Does Criticizing Black Cinema Take Away Its Power?
Black People are not a monolith! Not with the music we listen to, the movies we watch, or how we consume any form of art made by us for us. I know it’s hard to believe, seeing as though many of our experiences, good and bad, are shared. There is an entire game called Black Card Revoked, which in some ways can debunk the monolith statement, but still, we should not feel shame when criticizing Black cinema. Think about it, how did you react when someone asked if you watched Lena Waithe’s latest project Queen & Slim? Did you truly enjoy it, but found yourself having to oversell the premise? Did you not enjoy it, but felt obligated to say it was a good movie, even though you list all of the reasons why you didn’t like the film? Either way, when it comes to how we consume and criticize Black cinema, it seems as though it’s another layer of our complex history. But by criticizing Black cinema, do we take away its power?
Before Spike Lee and Ava Duvernay, there was Oscar Micheaux, the first African American feature filmmaker, with over 44 films. Micheaux films featured contemporary Black life. He dealt with racial relationships between Blacks and Whites. Topics such as lynching, job discrimination, rape, mob violence, and economic exploitation were depicted in his films. Fast forward to 2020, and a lot of those same stories are being told through the eyes of a handful of African American filmmakers, which shows how far behind we still are; as these stories are a reflection of the times we are living in. Even before criticism of Black cinema can be discussed, we must first identify what constitutes Black cinema. Does a film have to tell the story of the Black experience or does a film simply have to have a Black filmmaker and cast to be considered Black cinema? There is a difference between films such as The Color Purple, directed by Steven Spielberg, a White man, and Olympus Has Fallen, directed by Antoine Fuqua - a Black man.
Actor Terrence Howard once said in a 2005 interview with the Chicago Tribune, “Any film that deals with the subject of Black people or has a predominantly Black cast, is a Black film.” Which differs from what film critic Sergio Mims considers a Black film, “A Black film is a film with a Black cast, made by a Black director, aimed exclusively for a Black audience.” Because of the blurred line of what is considered Black cinema, we cringe when having to critique a film we know was made to depict our shared experiences and/or history. It’s because of this blurred line, we don’t think twice when criticizing a movie like Olympus Has Fallen. “No I don’t feel pressured to tell the story of the Black experience,” writer/director, Thomas Cooksey explains. “I want to write films across all genres… films like Ocean Eleven.”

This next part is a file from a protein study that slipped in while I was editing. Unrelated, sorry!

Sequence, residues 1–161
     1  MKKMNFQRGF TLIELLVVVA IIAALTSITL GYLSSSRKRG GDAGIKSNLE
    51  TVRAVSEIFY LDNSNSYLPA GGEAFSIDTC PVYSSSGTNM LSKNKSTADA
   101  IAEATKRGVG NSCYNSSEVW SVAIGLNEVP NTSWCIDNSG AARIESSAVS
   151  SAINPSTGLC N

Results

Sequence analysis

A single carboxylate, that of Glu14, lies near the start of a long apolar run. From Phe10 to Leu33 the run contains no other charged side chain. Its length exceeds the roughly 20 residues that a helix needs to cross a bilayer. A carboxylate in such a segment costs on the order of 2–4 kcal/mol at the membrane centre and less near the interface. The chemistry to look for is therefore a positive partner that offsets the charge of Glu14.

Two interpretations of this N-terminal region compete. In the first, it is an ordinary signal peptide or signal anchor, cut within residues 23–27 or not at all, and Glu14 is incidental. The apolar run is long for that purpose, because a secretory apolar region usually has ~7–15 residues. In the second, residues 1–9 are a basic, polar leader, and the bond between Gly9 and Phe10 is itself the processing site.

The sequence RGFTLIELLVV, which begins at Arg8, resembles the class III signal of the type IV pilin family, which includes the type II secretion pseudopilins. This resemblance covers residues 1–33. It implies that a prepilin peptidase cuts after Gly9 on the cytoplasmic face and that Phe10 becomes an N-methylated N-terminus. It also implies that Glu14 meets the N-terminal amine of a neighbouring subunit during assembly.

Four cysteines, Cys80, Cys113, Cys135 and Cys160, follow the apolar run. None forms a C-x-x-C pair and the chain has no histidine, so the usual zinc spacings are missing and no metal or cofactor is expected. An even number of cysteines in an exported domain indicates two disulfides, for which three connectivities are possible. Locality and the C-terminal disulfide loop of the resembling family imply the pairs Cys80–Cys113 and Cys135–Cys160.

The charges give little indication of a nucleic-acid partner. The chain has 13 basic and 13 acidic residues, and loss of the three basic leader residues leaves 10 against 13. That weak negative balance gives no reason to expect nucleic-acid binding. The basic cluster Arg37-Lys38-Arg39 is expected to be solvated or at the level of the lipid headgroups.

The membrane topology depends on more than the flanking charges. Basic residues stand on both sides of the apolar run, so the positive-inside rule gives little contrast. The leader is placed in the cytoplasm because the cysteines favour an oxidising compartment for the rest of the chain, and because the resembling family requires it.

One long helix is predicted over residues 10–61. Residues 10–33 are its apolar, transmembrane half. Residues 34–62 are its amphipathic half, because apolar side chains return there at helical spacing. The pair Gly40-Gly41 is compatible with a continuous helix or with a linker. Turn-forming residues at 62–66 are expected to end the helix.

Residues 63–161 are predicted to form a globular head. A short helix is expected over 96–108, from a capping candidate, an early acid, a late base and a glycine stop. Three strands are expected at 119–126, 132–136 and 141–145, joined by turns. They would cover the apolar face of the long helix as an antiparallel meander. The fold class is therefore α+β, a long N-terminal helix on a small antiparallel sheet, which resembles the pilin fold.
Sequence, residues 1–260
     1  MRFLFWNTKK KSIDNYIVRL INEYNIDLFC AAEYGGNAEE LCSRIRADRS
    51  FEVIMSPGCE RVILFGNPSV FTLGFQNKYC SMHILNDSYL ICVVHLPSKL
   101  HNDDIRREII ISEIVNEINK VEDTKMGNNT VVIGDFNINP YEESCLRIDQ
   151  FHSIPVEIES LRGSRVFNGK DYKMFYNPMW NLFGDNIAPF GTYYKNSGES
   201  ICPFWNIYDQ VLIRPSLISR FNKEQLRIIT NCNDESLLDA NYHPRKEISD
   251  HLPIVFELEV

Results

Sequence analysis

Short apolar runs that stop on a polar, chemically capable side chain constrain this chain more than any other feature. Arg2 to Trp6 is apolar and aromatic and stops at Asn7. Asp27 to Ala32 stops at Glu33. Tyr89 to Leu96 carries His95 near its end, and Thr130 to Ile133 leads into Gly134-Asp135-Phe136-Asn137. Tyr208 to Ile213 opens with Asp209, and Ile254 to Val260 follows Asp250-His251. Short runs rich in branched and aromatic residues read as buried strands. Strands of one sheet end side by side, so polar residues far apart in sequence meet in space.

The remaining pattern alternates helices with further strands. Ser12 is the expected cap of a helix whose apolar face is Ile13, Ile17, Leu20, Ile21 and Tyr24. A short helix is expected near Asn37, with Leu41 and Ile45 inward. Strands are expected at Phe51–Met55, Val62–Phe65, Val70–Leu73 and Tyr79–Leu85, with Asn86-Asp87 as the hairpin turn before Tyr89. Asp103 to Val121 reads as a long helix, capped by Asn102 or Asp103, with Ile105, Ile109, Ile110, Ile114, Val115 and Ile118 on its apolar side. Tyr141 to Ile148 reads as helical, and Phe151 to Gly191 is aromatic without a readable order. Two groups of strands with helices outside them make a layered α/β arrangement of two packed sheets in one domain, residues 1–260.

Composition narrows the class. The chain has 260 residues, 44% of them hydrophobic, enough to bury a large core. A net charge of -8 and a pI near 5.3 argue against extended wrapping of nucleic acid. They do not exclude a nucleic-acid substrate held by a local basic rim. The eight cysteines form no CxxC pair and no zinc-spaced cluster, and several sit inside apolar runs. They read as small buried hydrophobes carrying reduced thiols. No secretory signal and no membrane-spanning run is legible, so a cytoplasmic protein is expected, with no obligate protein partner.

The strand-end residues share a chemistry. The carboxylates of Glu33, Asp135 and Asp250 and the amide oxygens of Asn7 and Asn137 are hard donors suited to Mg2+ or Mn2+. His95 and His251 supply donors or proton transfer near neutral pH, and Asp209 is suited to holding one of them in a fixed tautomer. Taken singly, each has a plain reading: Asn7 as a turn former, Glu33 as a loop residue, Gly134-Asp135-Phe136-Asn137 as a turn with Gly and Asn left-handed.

Cooksey, like other up and coming Black filmmakers and those who simply enjoy watching films, share the desire to adapt to a new narrative in Black Hollywood filmmaking. That narrative does not look like or tells the story of the Black person’s oppression or has a targeted African American audience. “Our stories are universal, and until they are accepted universally, we will continue to have this disconnect in answering what makes a film Black cinema,” Atlanta PR consultant, Shamir Campbell says. “It is great to have our stories, but sometimes we have Black actors in roles where their race shouldn't be the focal point, but it is. The topic is a revolving door,” Campbell explains.
In the end, we’ve been starving for our stories and representation for so long, we take what we can get. We feel bad criticizing because we feel it will be that much easier for the decision-makers to point out why our stories do not matter or sell. We take back our power by criticizing, by showing up and being okay with not agreeing with the way a story unfolds or is told, but we must show up! We are entitled to have a bad movie, and by saying so, the power of what is deemed Black cinema remains, because we are saying we are equal to Hollywood's typical standards. By criticizing we are uplifting and helping set standards of the quality we want to see when our stories are told and representation is shown; that is how we keep and build our power.